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Faith in Focus: Getting ready for High Holy Days
Faith in Focus

Faith in Focus: Getting ready for High Holy Days


The Jewish community is again getting ready for High Holy Days.

Rosh Hashanah, the Jewish New Year and Yom Kippur, the Day of Atonement, starting next Friday evening, Sept. 18. These are considered some of the most important Holy Days in the Jewish calendar.

The process of preparing for the High Holy Days begins with the month of Elul, which is the last month of the Jewish calendar year. According to Jewish tradition, during the month of Elul, Moses spent time on Mount Sinai preparing the second set of Tablets after the incident of the Golden Calf. He went up to Mount Sinai on the first day of Elul, and did not return until the end of the 10th day of Tishri, at the conclusion of Yom Kippur.

For many observant Jews, from the second day of Elul through the 28th day of Elul, the Shofar is sounded at the end of every weekday morning service. Also many people will visit cemeteries during this time.

We are supposed to think about our own mortality, and about our obligation to make our remaining lives worthwhile and to make our relationships better in the time we have left. And we need to think about working to forgive and to ask for forgiveness in the coming days.

Toward the end of Elul, one week before Rosh Hashanah, we begin the period of “Selichot.” Actually this year, Selichot begins on Sept. 11 since Rosh Hashanah starts on Sept. 18.

The term “Selichot,” which is plural for “selicha,” refers to penitential prayers, stating sorrow and a desire for forgiveness. These prayers are recited by Jews starting immediately after midnight on the Saturday before Rosh Hashanah until Yom Kippur.

A central part of the Selichot prayers is the continued repetition of the Thirteen Attributes of God, which according to Jewish tradition, were revealed to Moses after the incident of the Golden Calf. This story is found in Exodus 34:6-7. These attributes are traditionally recited in Hebrew, and you might not see how there are 13. But here is the translation:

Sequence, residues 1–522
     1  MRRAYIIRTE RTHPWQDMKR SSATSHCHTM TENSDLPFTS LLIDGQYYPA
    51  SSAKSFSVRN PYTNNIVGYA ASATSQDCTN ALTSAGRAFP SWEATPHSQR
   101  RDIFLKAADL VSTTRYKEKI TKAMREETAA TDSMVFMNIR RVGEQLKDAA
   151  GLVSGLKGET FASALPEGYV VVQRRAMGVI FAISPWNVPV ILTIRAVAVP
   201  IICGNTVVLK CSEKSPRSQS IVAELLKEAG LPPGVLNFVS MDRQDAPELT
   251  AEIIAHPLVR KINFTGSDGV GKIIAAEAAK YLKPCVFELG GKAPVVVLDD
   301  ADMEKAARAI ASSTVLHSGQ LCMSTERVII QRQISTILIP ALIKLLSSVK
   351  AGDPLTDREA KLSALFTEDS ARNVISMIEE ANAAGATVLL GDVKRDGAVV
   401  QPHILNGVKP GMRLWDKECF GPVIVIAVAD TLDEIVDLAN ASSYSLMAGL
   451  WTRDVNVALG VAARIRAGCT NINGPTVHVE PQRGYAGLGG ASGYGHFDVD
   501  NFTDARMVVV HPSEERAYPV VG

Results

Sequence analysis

1. Ha-Shem (unpronounceable Name of God)

2. Ha-Shem (unpronounceable Name of God)

3. El (God)

4. Rachoom (Merciful)

5. Ve Hanoon (Gracious)

6. Erek a-payim (long-suffering)

7. Ve rav hesed (abundant in goodness)

8. Ve-emet (and truth)

9. Notzer hesed la-lafim (keeping mercy unto the thousandth generation)

10. No-say avon (forgiving iniquity)

11. Va-fe-sha (and transgression)

12. Ve-chata (and sin)

13. Ve-nakay (and who cleanses)

Why are the first three of the Thirteen Attributes the Names of God? According to the Talmud, the different names of God refer to different attributes. God shows mercy, both before one sins and after one sins, but God is also the ruler of the universe.

This is a very unusual year for High Holy Days, because of the COVID-19 pandemic. Like many congregations and houses of worship, many of the Jewish congregations in the area are not having in-person services for the High Holy Days, due to fear of spreading the virus.

Yet, the High Holy Day services are the most well-attended services in each year. And we all know that we should not be crowding lots of people indoors for worship in the time of a pandemic.

So many synagogues and congregations are planning Zoom services. Congregation Beth Tikvah is working with other West Shore Jewish congregations, including Temple Beth Shalom (Mechanicsburg) and Sons of Israel (Chambersburg), as well as small congregations in Hanover and Adams County, to ensure all our members have access to Zoom or livestream services for these most important days in our year.

We are blessed to have these great neighbors, and through all this planning, we have developed new friendships. We look forward to joining our new friends this year at services, and look forward to future collaborations with the West Shore Jewish communities.

Emily Burt-Hedrick is the President of the Congregation Beth Tikvah.


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